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Volume X, Number 219

August 06, 2020

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UK Employer COVID-19 Return-to-Work and Reporting Obligations Under RIDDOR

The UK national government has announced, in relation to England only, a programme of progressive easing of current lockdown measures due to Coronavirus Disease 2019 (COVID-19). With respect to working arrangements, the guidance provides that: 

All reasonable steps should be taken by employers to help people work from home. But for those who cannot work from home and whose workplace has not been told to close, our message is clear: you should go to work.

This represents a change to the previous guidance for England, which provided that individuals who could not work from home should not go to work (to the extent they were not deemed to be key workers) unless it was absolutely necessary for them to do so. 

To allow employers, employees, and self-employed persons to work safely following the easing of the restrictions (and as those restrictions are eased further), the government has produced a suite of guidelines that should be taken.  These cover a range of activities for people who work in or run officesfactories and shops

One important point not emphasised in the guidance, but which may become more relevant as more workplaces start to reopen, is the obligation for employers (or, if different, the person having control of a work premises or activity) under The Reporting of Injuries, Diseases and Dangerous Occurrences Regulations 2013 (RIDDOR) to make a report to the Health and Safety Executive when:

  1. an unintended incident at work has led to someone’s possible or actual exposure to COVID-19 (which must be reported as a dangerous occurrence);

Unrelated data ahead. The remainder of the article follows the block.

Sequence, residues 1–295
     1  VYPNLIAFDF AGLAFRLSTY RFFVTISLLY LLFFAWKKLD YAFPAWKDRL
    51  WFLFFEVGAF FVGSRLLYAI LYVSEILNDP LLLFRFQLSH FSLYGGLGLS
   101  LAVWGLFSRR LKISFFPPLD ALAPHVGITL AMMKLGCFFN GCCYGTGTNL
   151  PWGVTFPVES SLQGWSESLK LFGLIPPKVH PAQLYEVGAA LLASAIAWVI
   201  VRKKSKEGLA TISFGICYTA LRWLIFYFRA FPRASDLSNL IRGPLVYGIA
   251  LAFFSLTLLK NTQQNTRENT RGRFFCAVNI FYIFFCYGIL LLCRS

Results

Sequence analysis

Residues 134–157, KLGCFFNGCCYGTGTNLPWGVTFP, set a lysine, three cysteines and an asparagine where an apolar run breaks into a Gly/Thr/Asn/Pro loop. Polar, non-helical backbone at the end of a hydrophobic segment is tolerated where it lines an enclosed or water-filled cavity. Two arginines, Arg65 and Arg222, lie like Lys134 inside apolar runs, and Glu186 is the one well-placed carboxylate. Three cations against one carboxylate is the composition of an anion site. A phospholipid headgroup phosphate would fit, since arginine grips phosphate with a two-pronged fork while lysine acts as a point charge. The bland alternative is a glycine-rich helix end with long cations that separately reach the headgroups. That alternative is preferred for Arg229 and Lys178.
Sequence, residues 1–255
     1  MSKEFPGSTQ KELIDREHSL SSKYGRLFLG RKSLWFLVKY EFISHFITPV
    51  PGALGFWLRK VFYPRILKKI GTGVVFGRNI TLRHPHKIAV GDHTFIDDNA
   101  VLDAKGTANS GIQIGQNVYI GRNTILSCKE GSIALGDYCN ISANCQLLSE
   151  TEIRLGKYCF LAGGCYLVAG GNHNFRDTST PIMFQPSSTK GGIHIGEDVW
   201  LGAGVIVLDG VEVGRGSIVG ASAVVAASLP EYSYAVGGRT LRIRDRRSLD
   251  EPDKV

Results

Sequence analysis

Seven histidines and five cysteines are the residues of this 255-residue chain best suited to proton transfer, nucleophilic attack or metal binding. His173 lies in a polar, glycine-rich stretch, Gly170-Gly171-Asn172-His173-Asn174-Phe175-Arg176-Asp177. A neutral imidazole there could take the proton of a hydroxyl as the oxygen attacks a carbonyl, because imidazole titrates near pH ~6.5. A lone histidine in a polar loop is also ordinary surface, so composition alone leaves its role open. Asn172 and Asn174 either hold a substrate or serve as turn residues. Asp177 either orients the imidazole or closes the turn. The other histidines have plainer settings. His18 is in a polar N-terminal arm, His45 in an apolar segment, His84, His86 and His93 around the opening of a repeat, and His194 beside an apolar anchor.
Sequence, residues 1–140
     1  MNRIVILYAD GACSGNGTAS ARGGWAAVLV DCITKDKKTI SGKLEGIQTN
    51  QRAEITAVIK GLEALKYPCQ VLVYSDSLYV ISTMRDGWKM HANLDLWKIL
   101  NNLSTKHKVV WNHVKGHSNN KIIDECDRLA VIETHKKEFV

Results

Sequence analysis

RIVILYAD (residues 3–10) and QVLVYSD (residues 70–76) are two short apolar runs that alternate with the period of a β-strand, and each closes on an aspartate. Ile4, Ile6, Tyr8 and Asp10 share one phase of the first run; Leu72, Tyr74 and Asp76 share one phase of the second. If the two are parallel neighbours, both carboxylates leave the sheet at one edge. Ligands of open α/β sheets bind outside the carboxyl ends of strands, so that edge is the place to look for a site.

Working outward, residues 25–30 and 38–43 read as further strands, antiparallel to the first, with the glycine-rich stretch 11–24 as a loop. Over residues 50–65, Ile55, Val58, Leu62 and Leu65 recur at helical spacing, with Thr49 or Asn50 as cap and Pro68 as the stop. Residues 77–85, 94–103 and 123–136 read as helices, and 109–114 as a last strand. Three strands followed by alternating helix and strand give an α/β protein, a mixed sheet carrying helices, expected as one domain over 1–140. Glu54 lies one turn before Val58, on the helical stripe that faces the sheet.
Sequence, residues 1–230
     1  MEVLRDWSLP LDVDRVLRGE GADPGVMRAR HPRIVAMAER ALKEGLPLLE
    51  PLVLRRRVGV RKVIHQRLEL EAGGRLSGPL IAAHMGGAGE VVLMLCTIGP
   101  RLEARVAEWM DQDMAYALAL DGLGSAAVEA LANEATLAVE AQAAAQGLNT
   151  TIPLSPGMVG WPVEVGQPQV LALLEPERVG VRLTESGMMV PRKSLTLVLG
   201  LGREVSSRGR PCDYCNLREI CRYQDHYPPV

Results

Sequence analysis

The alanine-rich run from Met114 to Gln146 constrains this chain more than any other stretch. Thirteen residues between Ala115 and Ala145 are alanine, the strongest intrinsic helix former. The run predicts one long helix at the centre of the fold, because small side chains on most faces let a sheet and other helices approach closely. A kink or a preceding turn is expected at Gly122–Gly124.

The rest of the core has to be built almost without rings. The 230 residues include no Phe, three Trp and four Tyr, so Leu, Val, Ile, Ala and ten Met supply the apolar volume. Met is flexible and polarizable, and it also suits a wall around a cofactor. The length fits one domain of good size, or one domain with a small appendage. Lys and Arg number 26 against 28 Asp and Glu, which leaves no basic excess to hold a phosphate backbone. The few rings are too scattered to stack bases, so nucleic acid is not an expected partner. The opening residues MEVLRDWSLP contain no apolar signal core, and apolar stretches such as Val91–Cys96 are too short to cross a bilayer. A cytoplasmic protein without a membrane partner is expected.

2.  a worker has been diagnosed with COVID-19, and there is reasonable evidence that it was caused by exposure at work (which must be reported as a case of disease); or

  3.   a worker dies as a result of occupational exposure to COVID-19 (which must be reported as a work-related fatality).

It is apparent that the circumstances triggering a reporting requirement are both wide and vague. For example, it may be difficult for employers to determine with certainty whether an individual has been actually or possibly exposed to COVID-19 “at work”, or what counts as reasonable evidence that an individual contracted COVID-19 (to the extent that a definitive diagnosis may be unlikely to be obtained) as a result of an exposure at work.

However, where an employer opts not to make a report under RIDDOR, the employer should retain documentary evidence of the reasons behind this decision and the facts upon which the decision rested. This may help in the event of a challenge to the employer’s reporting obligation.

©2020 Greenberg Traurig, LLP. All rights reserved. National Law Review, Volume X, Number 135

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About this Author

Aonghus Heatley, Greenberg Traurig Law Firm, London, Environmental Law Attorney
Associate

Aonghus Heatley has worked on a wide range of significant corporate, commercial, environmental and regulatory transactions or matters including on:

  • a broad range of complex environment and health and safety regulatory matters, environmental claims and sustainability and climate change issues;

  • various complex cross-jurisdictional group restructurings/reorganisations, including in relation to a leading global footwear manufacturer and a global automotive dealership group;

  • ...
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